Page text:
Evaluating the effectiveness of protected areas for conserving nature
PhD, Macquarie University
Establishing and managing protected areas is essential for conserving nature, ecosystem services and cultural values. Despite a tripling in size of protected areas globally over the past 40 years to cover ~15% of land in 2019, park managers face severe challenges in mitigating land use threats and conserving biodiversity.
Globally, there is strong evidence that protected areas are on-the-whole effectively maintaining habitats, but little information exists on why some are successful and others are not. Less evidence exists on how effectively protected areas are conserving biodiversity, partly due to difficulties in measuring the impact of protection on biodiversity. While methods are available to measure the impact of protection on forest cover, long-term biodiversity monitoring is rarely done before and after protection, or within and outside protected areas. More insight is needed into how effectively protected areas are being managed to conserve biodiversity and why protected areas are (or are not) delivering on their intended objectives of protecting biodiversity. As the end of the United Nations Global Biodiversity Framework 2011–2020 draws near and new targets are defined, it is an imperative time to reflect on the effectiveness of protected areas. This research aims to build evidence on how effectively protected areas are conserving biodiversity and maintaining stable forest cover, and provide insight into what can be done to improve their effectiveness (through strategic planning and budget forecasting).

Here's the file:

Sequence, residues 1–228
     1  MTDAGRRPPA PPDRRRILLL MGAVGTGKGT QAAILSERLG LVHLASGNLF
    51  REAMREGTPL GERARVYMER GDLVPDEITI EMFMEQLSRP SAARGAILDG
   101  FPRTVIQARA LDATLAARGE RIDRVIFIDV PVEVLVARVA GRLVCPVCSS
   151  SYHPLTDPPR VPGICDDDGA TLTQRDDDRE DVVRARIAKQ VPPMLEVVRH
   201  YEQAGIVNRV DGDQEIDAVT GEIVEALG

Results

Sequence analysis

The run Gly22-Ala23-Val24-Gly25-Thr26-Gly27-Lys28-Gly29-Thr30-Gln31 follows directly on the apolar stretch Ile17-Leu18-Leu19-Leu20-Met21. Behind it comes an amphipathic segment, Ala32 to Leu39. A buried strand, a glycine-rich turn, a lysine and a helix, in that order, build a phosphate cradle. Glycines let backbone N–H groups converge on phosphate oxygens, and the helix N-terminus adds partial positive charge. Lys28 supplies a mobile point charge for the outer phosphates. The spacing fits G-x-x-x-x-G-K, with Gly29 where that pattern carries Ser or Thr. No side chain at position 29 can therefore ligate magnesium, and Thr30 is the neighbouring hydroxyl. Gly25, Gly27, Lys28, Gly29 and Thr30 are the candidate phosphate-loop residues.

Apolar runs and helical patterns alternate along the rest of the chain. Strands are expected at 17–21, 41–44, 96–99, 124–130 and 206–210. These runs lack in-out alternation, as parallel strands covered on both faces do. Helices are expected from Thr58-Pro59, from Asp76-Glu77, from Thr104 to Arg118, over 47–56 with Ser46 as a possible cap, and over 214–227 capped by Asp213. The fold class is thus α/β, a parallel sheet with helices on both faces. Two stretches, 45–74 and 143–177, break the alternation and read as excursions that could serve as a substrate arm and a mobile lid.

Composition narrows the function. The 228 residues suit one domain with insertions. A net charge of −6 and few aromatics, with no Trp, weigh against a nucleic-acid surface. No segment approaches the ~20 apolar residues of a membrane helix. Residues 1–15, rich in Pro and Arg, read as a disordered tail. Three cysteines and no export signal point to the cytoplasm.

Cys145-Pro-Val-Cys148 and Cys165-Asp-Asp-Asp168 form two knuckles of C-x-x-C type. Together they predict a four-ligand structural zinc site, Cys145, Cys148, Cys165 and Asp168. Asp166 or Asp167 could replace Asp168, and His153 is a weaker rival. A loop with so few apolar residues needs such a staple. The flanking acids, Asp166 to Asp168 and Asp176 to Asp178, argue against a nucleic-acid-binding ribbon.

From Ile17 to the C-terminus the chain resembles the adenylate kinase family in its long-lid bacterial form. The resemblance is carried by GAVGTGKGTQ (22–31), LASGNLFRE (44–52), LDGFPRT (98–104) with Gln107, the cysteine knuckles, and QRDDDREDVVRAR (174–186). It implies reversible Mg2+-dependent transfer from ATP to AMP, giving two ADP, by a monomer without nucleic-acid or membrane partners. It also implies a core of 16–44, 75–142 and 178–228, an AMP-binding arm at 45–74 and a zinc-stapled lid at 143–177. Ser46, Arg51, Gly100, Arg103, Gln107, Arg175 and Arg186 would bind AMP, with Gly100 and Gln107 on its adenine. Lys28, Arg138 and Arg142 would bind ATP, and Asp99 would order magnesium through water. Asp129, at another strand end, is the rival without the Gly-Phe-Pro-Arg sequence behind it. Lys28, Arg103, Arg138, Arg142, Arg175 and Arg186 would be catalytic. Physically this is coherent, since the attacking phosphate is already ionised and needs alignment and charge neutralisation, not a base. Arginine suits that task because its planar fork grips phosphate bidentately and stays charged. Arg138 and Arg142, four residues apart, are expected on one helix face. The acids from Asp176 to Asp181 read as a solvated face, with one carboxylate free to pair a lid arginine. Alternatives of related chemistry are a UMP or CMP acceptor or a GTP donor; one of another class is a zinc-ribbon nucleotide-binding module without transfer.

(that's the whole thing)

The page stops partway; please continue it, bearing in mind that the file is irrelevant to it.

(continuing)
Research Assistant, Evaluating the status of the NSW terrestrial reserve system under a changing climate, Macquarie University
This project was funded by the NSW Adaptation Research Hub - Biodiversity Node hosted by Macquarie University.
Cost-effective opportunities to minimise forest carbon emissions and mitigate climate change in Southeast Asia
MPhil, James Cook University
The use of riparian corridors by endangered amphibians in tropical rainforests of Australia
Grad Dip, James Cook University